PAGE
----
[0022] FIG. 10 is a computer interface screen showing access to sample racks used within the analyzer of FIG. 1 ;

[0023] FIG. 11A is an illustration of an enhanced matrix indicia of the present invention as applied to a reagent container to be placed within the analyzer of FIG. 1 ;

[0024] FIG. 11 B is an illustration of an enhanced matrix indicia of the present invention as applied to a new pump to be placed within the analyzer of FIG. 1 ; [0025] FIG. 11 C is an illustration of an enhanced matrix indicia of the present invention as applied to a calibration vial to be placed within the analyzer of FIG. 1 ; and,

[0026] FIG. 12 is an illustration of an enhanced matrix indicia of the present invention as applied to Calibration and Control values to be used in the analyzer of FIG.1. DETAILED DESCRIPTION OF THE INVENTION

[0027] FIG. 1 , taken with FIG. 2, shows schematically the elements of an automatic chemical analyzer 10 in which the present invention may be advantageously practiced, analyzer 10 comprising a reaction carousel 12 supporting an outer cuvette carousel 14 having cuvette ports 20 formed therein and an inner cuvette carousel 16 having vessel ports 22 formed therein, the outer cuvette carousel 14 and inner cuvette carousel 16 being separated by a open groove 18. Cuvette ports 20 are adapted to receive a plurality of reaction cuvettes 24 like disclosed in co-pending application Ser. No. 09/949,132 assigned to the assignee of the present invention and containing various reagents and sample liquids for conventional clinical and immunoassay assays while vessel ports 22 are adapted to receive a plurality of reaction vessels 25 that contain specialized reagents for ultra-high sensitivity luminescent immunoassays. Reaction carousel 12 is rotatable using stepwise movements in a constant direction, the stepwise movements being separated by a constant dwell time during which carousel 12 is maintained stationary and computer controlled assay operational devices 13, such as sensors, reagent add stations, mixing stations and the like, operate as needed on an assay mixture contained within cuvettes 24 and reaction vessels 25.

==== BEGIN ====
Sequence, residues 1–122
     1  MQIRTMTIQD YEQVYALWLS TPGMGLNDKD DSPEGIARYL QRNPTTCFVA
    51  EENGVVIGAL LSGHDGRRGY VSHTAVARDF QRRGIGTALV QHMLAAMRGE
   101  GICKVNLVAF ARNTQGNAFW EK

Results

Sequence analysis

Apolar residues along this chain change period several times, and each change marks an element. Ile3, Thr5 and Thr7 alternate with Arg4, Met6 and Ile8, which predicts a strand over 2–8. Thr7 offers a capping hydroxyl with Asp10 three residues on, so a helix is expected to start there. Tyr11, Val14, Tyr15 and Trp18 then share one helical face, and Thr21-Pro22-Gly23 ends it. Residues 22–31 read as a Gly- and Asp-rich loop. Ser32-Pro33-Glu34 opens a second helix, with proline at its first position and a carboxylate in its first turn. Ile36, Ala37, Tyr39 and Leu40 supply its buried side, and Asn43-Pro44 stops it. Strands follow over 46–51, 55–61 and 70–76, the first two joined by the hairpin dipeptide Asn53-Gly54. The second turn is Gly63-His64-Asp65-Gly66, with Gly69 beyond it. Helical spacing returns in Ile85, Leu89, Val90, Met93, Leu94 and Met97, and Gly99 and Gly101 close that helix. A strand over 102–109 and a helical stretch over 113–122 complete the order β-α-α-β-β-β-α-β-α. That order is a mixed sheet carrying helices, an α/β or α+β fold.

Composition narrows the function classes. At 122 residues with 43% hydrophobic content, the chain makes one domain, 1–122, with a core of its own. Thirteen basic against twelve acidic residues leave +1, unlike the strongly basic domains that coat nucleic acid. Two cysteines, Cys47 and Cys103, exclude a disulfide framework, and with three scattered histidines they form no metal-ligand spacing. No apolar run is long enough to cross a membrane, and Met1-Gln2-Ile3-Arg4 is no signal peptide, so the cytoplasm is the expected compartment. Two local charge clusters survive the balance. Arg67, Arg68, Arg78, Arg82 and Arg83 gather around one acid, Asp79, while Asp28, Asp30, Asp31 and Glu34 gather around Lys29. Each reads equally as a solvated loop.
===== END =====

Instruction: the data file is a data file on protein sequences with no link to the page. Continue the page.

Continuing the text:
[0028] Analyzer 10 is controlled by software executed by computer-based operating control system 15 using computer programs written in a machine language like that on the Dimension® clinical chemistry analyzer sold by Dade Behring Inc, of Deerfield, IL., and widely used by those skilled in the art of computer-based electromechanical control programming. Operating system 15 also executes application software programs for performing assays conducted by various analyzing units 17A, 17B, 17C and 17D located proximate outer cuvette carousel 14. It is advantageous that analyzing unit 17A be a conventional luminometer or a chemiluminometer configured to allow -analyzer 10 to perform luminescent oxygen channeling immunoassays ("LOCI"). LOCI assays provide significant advantage over many conventional immunoassays because they are highly specific and can be performed without time-consuming separation steps. A full description of the LOCI method can be found in U.S. Pat. No. 5,340,716. Analyzing unit 17A preferably is surrounded by an environmental chamber (shown in dotted lines) adapted to shield analyzing unit 17A and the sample being analyzed from environmental light which is detrimental to the assay. Further, reaction vessels 25 and/or the accompanying carousel 16 may be configured to shield light sensitive reagents or reaction mixture from surrounding environmental light.